We headed toward Tela, with the idea of staying the night at the Lancetilla Botanical Gardens. This turned out to be a good choice. They had already closed when we arrived, but we talked our way in. These gardens were begun in 1927 by United Fruit (one of the big banana outfits here) as experimental gardens, trying to see what else they might be able to successfully put into production. The gardens, primarily varieties of trees actually, are extensive and lovely. We had a very quiet night listening to the birds in the trees (it’s another huge birding spot) and an even lovelier walk in the gardens the next morning. A real highlight of the park is an enormous stand of big fat bamboo that has grown across the road and forms a canopy; it’s almost dark inside, but cool and cozy. One of the park workers, Roger, attached himself to me as I was walking by myself at the far end of the park; he walked all the way back with me, chatting about this and that. He practiced his English, and I practiced my Spanish. I suspect that he was making sure the “crazy gringa” didn’t get lost. Rick, by this time, had retreated from the extreme heat and was holding down the fort at the coach.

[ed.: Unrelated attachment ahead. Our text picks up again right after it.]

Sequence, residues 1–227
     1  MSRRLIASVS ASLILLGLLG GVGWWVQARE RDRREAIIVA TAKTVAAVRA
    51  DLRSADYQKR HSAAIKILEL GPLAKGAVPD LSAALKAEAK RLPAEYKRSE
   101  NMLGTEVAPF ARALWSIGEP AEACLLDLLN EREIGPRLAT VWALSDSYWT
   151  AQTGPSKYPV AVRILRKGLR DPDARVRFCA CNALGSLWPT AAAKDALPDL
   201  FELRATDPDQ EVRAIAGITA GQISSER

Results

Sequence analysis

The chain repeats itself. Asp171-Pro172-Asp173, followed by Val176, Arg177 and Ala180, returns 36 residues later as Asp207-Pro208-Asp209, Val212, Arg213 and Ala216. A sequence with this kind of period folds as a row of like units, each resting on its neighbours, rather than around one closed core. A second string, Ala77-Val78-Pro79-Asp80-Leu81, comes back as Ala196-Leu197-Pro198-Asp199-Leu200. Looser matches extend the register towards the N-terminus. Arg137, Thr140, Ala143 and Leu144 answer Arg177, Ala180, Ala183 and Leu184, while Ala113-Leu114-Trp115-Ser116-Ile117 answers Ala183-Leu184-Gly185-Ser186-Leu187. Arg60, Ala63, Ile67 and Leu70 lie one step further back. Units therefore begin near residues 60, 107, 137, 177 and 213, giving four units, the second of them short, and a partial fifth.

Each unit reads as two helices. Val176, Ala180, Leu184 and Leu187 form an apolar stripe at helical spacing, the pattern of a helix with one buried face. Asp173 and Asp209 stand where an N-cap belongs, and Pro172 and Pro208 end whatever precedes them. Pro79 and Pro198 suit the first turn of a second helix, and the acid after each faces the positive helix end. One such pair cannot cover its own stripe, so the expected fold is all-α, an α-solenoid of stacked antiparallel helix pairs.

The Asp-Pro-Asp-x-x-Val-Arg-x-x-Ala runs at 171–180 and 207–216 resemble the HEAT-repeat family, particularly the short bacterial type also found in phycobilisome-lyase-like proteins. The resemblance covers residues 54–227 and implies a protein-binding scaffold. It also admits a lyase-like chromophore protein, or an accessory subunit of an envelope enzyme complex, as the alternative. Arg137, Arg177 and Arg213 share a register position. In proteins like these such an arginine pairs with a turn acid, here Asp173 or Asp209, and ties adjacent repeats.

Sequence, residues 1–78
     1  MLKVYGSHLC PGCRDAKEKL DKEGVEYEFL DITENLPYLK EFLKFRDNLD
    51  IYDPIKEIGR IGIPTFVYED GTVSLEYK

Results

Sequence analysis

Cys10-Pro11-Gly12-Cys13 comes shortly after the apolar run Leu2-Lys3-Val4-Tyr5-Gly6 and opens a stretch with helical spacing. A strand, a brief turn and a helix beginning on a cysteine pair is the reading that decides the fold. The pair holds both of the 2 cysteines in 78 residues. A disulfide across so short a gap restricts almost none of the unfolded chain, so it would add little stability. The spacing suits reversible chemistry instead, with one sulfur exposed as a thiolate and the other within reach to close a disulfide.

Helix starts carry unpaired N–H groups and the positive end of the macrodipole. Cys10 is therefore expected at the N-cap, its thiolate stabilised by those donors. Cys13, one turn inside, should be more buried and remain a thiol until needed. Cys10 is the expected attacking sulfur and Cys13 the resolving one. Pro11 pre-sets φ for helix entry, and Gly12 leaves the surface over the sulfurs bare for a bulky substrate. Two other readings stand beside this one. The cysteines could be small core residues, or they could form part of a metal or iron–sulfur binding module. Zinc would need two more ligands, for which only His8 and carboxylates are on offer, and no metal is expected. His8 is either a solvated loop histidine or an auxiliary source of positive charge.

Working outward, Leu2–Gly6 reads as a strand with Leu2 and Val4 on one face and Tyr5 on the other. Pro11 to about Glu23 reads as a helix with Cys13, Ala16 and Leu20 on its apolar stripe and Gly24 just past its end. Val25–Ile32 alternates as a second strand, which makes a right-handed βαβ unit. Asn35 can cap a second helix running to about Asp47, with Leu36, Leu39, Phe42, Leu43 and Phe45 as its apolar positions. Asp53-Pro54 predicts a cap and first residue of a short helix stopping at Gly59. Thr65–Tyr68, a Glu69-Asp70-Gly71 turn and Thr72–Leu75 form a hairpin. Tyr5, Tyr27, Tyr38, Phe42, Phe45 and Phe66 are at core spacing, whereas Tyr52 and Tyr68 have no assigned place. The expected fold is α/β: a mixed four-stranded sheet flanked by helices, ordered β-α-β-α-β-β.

We spent a short time in
Tela, right on the water, dipping
our toes in the
We bought a watermelon (our favorite fruit these days, and available everywhere along the road) from an old man riding a cart filled with them that was pulled by an old horse; I got to pet the horse for free; the watermelon cost me about a buck and a half. We ate off it for four days.
We turned south when we
left La Ceiba, fleeing back into the
mountains. We had toyed with the idea of
continuing along further east and visiting
We knew our day involved
heading down a dirt road, into the
mountains, and there would be no sources of money in our near future. So we took a short detour.
We went partway up the road to
Anyway, back in